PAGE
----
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Deportations occur when people are removed from the United States and sent back to their country of origin or, in some cases, to a third country. The approximately 50 migrants who were flown to the island of Martha’s Vineyard in Massachusetts were not removed from the United States.
Local governments and municipalities cannot carry out deportations, according to a legal expert.
After spending two days on the island of Martha’s Vineyard, approximately 50 migrants, most of whom are from Venezuela, were moved to mainland Massachusetts on Sept. 16.
They weren’t deported, contrary to claims circulating on social media.
"Martha’s Vineyard leftists declared (a) humanitarian crisis and deported 50 illegals after only 24 hours," read one Sept. 15 Instagram post, which featured footage of a moving bus.
(Screenshot from Instagram.)
The Gateway Pundit, a conservative website, shared the same footage in an article that had a similarly misleading headline: "THAT WAS QUICK: Buses Arrive at Martha’s Vineyard and DEPORT Illegals Off the Island." The article was shared widely on Facebook.
These posts were flagged as part of Facebook’s efforts to combat false news and misinformation on its News Feed. (Read more about our partnership with Facebook.)
The claims mislead by misusing the term "deported."
Deportations "are removals to an individual’s country of origin or, in some cases, to a third country," said Monika Langarica, a staff attorney at the Center for Immigration Law and Policy at the UCLA School of Law.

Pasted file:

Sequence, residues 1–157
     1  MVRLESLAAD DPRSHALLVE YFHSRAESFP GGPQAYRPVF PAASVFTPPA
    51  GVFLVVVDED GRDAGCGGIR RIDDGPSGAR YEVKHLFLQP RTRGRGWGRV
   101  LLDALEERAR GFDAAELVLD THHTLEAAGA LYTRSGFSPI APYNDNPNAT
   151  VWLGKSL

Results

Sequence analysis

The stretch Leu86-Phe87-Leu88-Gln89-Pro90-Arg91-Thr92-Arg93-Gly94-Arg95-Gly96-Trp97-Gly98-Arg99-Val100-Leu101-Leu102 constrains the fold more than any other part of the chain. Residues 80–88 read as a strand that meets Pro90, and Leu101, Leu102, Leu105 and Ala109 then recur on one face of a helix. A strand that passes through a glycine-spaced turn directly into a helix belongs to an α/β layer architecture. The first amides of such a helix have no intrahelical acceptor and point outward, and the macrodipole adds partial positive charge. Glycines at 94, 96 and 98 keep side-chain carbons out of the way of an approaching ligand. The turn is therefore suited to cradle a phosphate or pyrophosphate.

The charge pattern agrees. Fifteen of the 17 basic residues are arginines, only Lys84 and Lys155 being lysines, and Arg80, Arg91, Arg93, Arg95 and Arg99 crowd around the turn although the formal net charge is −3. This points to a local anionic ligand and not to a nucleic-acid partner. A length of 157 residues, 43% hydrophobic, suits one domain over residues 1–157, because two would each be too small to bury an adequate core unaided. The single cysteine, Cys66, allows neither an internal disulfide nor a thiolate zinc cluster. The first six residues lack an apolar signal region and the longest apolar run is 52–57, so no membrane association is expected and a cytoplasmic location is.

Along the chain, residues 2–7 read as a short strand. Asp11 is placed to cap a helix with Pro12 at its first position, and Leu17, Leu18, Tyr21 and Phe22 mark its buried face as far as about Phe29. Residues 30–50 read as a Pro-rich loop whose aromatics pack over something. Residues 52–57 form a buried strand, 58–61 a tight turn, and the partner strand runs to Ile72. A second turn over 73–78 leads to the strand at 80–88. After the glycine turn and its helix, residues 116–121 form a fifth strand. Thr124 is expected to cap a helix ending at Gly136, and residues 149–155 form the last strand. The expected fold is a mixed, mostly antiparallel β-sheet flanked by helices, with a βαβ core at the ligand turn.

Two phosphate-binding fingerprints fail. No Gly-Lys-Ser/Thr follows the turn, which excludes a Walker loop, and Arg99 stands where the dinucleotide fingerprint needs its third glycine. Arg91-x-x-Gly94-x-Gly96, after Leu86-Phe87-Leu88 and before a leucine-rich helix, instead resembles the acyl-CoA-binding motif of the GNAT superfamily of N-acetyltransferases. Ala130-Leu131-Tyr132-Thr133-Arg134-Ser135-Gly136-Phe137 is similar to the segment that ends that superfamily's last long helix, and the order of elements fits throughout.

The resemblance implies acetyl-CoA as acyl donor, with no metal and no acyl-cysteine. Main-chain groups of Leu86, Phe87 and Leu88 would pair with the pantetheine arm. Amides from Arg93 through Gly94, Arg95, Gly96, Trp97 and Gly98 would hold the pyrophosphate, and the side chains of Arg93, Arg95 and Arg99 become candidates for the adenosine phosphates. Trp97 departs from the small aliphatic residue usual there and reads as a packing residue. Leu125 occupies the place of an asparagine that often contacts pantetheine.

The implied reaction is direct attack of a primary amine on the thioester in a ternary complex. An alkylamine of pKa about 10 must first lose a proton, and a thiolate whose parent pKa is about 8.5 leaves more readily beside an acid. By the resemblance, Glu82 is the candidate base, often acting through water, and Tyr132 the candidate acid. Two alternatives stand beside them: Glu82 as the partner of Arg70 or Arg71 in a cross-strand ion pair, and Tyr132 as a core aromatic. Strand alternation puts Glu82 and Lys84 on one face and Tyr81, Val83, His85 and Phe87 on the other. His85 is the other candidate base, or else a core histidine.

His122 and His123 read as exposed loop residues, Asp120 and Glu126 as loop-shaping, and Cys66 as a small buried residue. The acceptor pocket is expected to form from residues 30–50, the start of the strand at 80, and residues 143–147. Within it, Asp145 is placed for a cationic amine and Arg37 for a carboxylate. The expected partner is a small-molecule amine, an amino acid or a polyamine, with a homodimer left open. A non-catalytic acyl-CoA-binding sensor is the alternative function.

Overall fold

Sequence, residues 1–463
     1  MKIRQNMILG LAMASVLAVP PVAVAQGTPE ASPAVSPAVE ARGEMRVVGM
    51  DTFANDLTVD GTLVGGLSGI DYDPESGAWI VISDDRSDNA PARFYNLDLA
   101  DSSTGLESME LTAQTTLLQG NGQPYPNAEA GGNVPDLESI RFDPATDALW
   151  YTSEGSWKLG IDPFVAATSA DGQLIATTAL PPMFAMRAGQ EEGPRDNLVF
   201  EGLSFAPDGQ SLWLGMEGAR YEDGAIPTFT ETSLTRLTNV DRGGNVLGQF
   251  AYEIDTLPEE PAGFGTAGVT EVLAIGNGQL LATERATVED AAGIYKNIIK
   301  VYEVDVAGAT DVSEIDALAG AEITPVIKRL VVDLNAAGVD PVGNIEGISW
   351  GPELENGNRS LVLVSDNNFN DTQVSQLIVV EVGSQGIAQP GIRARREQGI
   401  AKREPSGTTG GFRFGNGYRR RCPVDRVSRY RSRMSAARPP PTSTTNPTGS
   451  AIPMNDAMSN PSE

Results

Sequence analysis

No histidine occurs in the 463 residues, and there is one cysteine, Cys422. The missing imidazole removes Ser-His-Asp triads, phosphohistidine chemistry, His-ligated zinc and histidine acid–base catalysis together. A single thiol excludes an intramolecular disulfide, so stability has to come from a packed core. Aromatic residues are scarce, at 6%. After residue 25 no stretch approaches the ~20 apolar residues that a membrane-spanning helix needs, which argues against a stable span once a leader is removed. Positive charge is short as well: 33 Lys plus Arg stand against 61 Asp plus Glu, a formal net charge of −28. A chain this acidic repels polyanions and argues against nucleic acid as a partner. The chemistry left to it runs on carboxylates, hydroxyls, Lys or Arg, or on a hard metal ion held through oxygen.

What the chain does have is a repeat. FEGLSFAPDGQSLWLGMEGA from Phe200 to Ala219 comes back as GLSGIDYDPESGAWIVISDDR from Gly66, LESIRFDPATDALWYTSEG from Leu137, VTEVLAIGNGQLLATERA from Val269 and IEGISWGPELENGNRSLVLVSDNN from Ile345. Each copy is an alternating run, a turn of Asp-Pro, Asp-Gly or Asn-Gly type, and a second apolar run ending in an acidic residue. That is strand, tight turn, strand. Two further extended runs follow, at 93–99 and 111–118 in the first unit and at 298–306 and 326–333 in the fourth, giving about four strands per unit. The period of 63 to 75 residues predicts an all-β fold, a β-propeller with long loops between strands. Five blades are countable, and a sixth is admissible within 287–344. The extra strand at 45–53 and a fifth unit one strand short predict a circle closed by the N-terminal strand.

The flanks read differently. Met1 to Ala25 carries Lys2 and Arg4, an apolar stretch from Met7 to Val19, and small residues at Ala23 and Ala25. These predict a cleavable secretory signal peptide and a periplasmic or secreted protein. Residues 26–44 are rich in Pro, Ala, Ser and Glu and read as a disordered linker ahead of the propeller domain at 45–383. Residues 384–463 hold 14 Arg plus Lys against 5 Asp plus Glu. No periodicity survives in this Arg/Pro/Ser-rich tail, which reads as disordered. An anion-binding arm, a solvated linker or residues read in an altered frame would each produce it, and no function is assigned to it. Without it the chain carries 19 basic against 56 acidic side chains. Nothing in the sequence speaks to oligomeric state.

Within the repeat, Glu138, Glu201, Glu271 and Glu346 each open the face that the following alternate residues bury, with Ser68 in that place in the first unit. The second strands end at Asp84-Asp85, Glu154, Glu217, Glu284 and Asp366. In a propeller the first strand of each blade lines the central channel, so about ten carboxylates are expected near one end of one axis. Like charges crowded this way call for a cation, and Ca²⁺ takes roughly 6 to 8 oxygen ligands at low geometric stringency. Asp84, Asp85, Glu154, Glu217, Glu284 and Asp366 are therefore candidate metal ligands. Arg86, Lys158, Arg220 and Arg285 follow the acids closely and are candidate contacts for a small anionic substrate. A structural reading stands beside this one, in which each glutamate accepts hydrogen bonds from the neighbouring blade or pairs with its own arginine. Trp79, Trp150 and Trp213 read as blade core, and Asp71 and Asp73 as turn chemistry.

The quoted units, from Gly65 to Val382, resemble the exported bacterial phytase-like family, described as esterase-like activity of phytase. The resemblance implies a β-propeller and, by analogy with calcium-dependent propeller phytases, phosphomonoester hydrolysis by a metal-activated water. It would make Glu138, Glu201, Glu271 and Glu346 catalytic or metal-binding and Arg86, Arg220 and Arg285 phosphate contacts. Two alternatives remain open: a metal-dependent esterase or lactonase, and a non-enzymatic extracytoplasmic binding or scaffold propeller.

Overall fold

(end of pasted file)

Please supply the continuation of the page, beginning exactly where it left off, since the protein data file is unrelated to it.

"Movement between states or regions within the United States is not a deportation," she said.
On Sept. 16, Massachusetts Gov. Charlie Baker’s administration announced plans to shelter the migrants and provide access to necessary resources at Joint Base Cape Cod in Barnstable County, Massachusetts.
This video provied by the Massachusetts National Guard shows the dorms where immigrants will be staying at Joint Base Cape Cod.
Martha’s Vineyard residents worked with local and state officials to provide temporary shelter and necessities when the migrants arrived. But, long-term, Baker said "the island communities are not equipped to provide sustainable accommodation, and state officials developed a plan to deliver a comprehensive humanitarian response."
He said the state would offer transportation to the temporary shelter on the base and emphasized that the move from Martha’s Vineyard to the neighboring county would be "voluntary."
Langarica said only the Department of Homeland Security or an immigration judge within the Department of Justice’s Executive Office for Immigration Review can deport migrants.
"Local governments or municipalities do not order or effect deportations," she said.
Buses have arrived in Edgartown to transport migrants from St. Andrew’s Parish House.— Samantha J. Gross (@samanthajgross) September 16, 2022
There is one big bus and two shorter buses to transport folks off the island. People with bags are taking selfies and hugging volunteers goodbye pic.twitter.com/wuauiZM4Y3